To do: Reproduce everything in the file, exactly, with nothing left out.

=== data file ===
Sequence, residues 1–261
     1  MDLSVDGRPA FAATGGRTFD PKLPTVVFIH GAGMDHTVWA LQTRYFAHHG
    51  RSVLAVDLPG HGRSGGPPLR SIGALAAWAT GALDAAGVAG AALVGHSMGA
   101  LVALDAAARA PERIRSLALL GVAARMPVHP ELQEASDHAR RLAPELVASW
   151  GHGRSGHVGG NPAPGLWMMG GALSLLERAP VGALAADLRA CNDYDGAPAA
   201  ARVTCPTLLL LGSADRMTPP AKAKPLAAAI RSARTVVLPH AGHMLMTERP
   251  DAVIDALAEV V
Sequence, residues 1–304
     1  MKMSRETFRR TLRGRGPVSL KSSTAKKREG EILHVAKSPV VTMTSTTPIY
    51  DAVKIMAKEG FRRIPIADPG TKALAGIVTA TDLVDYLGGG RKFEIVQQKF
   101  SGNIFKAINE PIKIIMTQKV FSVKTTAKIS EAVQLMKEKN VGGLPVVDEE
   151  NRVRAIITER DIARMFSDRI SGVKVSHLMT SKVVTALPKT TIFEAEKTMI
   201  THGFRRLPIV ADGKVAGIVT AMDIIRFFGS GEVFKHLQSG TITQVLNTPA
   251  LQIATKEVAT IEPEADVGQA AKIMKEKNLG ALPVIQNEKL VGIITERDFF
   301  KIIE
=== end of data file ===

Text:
Sequence, residues 1–261
     1  MDLSVDGRPA FAATGGRTFD PKLPTVVFIH GAGMDHTVWA LQTRYFAHHG
    51  RSVLAVDLPG HGRSGGPPLR SIGALAAWAT GALDAAGVAG AALVGHSMGA
   101  LVALDAAARA PERIRSLALL GVAARMPVHP ELQEASDHAR RLAPELVASW
   151  GHGRSGHVGG NPAPGLWMMG GALSLLERAP VGALAADLRA CNDYDGAPAA
   201  ARVTCPTLLL LGSADRMTPP AKAKPLAAAI RSARTVVLPH AGHMLMTERP
   251  DAVIDALAEV V
Sequence, residues 1–304
     1  MKMSRETFRR TLRGRGPVSL KSSTAKKREG EILHVAKSPV VTMTSTTPIY
    51  DAVKIMAKEG FRRIPIADPG TKALAGIVTA TDLVDYLGGG RKFEIVQQKF
   101  SGNIFKAINE PIKIIMTQKV FSVKTTAKIS EAVQLMKEKN VGGLPVVDEE
   151  NRVRAIITER DIARMFSDRI SGVKVSHLMT SKVVTALPKT TIFEAEKTMI
   201  THGFRRLPIV ADGKVAGIVT AMDIIRFFGS GEVFKHLQSG TITQVLNTPA
   251  LQIATKEVAT IEPEADVGQA AKIMKEKNLG ALPVIQNEKL VGIITERDFF
   301  KIIE